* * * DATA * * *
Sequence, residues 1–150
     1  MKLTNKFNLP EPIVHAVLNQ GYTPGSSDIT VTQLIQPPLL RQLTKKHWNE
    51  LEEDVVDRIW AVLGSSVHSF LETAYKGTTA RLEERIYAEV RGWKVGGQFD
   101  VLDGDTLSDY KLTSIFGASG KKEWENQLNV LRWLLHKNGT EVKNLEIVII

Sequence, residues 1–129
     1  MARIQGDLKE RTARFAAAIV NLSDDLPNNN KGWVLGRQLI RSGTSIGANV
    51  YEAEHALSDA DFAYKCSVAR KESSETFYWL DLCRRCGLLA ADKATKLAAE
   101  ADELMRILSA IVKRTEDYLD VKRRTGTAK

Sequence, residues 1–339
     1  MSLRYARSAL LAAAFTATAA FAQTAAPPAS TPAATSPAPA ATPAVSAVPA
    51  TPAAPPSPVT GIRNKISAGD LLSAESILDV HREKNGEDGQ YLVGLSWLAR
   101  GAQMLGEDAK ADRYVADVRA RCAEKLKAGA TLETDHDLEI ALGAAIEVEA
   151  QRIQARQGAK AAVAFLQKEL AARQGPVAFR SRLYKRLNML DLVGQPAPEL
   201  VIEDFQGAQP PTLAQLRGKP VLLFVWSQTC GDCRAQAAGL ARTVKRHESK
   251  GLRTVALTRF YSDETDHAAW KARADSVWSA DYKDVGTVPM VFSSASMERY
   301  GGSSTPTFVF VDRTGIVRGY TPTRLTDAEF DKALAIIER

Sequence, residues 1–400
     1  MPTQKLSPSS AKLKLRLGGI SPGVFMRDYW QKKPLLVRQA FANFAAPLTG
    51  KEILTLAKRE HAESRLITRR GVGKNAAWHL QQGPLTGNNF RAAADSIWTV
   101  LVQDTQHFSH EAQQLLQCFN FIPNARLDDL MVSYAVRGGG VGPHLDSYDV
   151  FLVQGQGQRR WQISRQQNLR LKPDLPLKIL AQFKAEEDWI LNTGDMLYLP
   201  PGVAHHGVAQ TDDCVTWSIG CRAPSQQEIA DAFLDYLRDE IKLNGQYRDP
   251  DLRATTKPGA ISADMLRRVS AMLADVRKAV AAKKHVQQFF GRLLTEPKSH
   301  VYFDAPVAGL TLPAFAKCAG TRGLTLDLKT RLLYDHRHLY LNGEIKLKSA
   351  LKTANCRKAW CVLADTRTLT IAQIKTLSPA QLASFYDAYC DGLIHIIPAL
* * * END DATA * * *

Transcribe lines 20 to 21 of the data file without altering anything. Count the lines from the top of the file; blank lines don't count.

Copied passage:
   101  LVQDTQHFSH EAQQLLQCFN FIPNARLDDL MVSYAVRGGG VGPHLDSYDV
   151  FLVQGQGQRR WQISRQQNLR LKPDLPLKIL AQFKAEEDWI LNTGDMLYLP